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    Dick Jones Dies: Voice of Disney's Pinocchio Was 87

    Pinocchio, Dick Jones Disney

    Dick Jones, who provided the voice of the title character in Disney's 1940 animated classic Pinocchio, has died at age 87.

    The actor, who often went by the nickname "Dickie," passed away on Monday, July 7, after suffering a fall at his home in Northridge, near Los Angeles, the Los Angeles Times quoted his son Rick as saying. The official cause of his death was not announced.

    Jones is also survived by his wife of 66 years, Betty; son Jeffrey, daughters Jennafer and Melody, six grandchildren and five great-grandchildren.

    Pinocchio marked Jones' most famous, and only, animated role. In addition to his voice performance as the wooden boy whose nose grows when he lies, the actor also appeared in several Western movies and TV shows.

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    Jones was born in 1927 in Texas and began his entertainment career at age 4. He began by performing at rodeos. Western movie star Hoot Gibson discovered him in 1932 and years later, the boy started booking small parts in movies. He cast as Pinocchio in 1939, when he was 11. Jones and his mother got to have lunch with Walt Disney himself.

    "Disney said they had decided that they would offer me the job [in Pinocchio]," the actor told Knight News Service in 1992. "I said, 'Whoopee, when do I start?"

    In a studio in Burbank, Calif., Jones and other main actors' facial movements were captured on camera so animators could duplicate their expressions in the characters, the news service reported. He told the outlet that he even filmed several reading scenes while wearing shorts and a funny hat -- the same outfit as Pinocchio.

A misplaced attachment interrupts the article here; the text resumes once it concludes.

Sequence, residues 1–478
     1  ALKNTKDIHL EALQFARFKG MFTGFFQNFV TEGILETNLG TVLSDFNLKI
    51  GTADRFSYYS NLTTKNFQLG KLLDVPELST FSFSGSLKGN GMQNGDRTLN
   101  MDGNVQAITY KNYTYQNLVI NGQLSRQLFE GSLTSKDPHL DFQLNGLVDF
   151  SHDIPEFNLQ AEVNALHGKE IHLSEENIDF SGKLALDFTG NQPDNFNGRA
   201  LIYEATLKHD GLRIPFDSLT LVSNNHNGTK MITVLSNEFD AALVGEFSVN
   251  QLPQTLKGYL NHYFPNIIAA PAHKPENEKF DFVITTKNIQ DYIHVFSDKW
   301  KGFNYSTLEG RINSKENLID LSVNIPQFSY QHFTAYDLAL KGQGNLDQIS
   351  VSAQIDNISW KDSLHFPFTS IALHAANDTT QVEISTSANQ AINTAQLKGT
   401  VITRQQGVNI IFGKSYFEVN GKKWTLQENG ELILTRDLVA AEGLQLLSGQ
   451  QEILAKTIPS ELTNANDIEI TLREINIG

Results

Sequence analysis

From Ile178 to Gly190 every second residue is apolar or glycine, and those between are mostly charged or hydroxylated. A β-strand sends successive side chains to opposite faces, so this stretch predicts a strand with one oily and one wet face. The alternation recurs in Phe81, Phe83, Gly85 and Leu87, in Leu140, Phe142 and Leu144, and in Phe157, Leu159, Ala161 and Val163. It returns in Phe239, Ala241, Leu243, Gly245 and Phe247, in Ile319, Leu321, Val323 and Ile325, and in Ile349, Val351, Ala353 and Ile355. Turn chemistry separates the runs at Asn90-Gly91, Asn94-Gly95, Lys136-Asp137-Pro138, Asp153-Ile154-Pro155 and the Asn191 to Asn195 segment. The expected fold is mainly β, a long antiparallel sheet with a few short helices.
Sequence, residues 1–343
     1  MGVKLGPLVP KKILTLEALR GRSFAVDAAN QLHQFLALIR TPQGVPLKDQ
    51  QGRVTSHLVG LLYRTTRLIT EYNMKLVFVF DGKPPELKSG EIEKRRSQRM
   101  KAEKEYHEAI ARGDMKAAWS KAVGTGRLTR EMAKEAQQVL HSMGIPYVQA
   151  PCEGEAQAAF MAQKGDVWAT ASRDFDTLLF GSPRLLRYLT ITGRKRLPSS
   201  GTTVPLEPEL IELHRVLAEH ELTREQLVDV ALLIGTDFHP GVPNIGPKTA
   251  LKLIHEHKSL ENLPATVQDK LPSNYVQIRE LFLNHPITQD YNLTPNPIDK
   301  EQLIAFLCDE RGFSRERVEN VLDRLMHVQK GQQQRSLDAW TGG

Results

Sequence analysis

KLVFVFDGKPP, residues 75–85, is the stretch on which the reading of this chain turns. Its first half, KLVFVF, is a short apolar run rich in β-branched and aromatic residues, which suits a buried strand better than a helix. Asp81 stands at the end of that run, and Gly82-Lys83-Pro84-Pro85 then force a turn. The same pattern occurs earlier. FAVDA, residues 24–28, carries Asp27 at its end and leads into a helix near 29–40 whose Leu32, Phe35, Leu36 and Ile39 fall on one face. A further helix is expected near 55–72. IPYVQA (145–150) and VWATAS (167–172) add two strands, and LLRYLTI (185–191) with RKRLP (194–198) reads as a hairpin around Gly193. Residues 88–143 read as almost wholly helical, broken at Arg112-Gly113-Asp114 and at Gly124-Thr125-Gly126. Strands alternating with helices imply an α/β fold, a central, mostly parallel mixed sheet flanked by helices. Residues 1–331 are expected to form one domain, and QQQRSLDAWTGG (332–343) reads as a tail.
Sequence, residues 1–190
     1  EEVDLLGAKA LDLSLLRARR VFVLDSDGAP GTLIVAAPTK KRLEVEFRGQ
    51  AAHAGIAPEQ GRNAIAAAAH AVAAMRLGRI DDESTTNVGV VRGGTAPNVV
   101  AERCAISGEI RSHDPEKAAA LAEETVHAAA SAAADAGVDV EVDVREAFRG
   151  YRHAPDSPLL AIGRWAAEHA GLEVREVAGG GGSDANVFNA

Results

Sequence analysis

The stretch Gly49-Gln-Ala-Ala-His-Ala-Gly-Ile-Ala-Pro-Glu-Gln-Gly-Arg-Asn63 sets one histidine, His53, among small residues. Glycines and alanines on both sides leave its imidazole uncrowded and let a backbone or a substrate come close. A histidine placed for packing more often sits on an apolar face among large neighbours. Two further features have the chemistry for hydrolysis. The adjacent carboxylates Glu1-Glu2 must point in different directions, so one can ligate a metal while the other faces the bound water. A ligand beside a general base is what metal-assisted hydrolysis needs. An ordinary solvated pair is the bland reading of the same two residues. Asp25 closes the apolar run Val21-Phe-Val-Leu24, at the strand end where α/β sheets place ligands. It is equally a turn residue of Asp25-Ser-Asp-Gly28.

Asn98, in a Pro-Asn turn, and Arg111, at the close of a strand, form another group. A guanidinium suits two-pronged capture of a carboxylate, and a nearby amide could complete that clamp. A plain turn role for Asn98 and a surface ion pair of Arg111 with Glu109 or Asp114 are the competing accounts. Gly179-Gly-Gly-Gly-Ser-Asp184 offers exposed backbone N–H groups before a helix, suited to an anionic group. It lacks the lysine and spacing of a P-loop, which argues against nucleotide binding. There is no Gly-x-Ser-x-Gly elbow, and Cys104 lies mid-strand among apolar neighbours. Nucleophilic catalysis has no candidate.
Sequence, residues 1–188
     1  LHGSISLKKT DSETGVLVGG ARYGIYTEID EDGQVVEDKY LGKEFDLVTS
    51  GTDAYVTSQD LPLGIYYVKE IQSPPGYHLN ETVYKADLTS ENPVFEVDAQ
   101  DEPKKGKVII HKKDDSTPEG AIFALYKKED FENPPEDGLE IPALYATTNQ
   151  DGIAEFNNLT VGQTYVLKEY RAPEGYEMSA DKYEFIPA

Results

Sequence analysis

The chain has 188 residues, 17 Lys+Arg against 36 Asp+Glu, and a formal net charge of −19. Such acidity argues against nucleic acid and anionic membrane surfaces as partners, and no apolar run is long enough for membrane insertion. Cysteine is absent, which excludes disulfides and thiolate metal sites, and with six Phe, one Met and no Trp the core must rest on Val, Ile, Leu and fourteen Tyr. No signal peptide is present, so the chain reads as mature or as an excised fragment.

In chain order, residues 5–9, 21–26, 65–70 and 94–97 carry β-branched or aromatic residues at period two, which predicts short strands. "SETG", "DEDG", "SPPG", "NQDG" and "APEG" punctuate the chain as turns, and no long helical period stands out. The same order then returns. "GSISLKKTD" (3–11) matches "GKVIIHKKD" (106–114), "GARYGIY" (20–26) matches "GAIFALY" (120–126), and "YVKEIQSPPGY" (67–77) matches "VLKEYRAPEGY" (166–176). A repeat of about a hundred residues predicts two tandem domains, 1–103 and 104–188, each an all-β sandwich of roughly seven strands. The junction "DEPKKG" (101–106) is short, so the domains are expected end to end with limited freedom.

"It was very exciting just being there," Jones told the Desert News newspaper in 1971. "I mean, every kid knew Walt Disney and his characters—Mickey Mouse, Donald Duck and Goofy. Finally, Walt had us back after lunch and said I was going to be the voice. I was really thrilled. That was something Walt enjoyed doing, hiring an actor personally for a part."

    Also in 1939, Jones appeared in the movie Nancy Drew... Reporter, which saw him sing, dance and do a Donald Duck impression. During his time working for Disney, he got to meet Clarence Nash, the voice of the character. Jones told the Desert News that the actor would joke with him in Donald Duck's voice.

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    In the 1940s, Jones appeared in films such as Heaven Can Wait and moved to New York, where he played Henry Aldrich on the radio show The Aldrich Family for about two years. He was then drafted into the Army and served for two years in Alaska, including during the final months of World War II.

    He later resumed his acting career, appearing in movies such as Fort Worth and Rocky Mountain with Erroll Flynn, as well as shows such as The Lone RangerThe Range Rider and Buffalo Bill Jr.

    On Feb. 6, 1960, Jones was inducted to the Hollywood Walk of Fame. About five years later, he retired from acting and concentrated on a second career in real estate. In 2001, he received the Buffalo Bill Award for positive influence in the entertainment field, with a focus on Western heritage.

    "I don't know anything else. Actually, It was just a job," he once told host Jeff Sutherland on his StarTalk show, regarding his acting career. "But then, everything turned out so good, that it was an exciting job."

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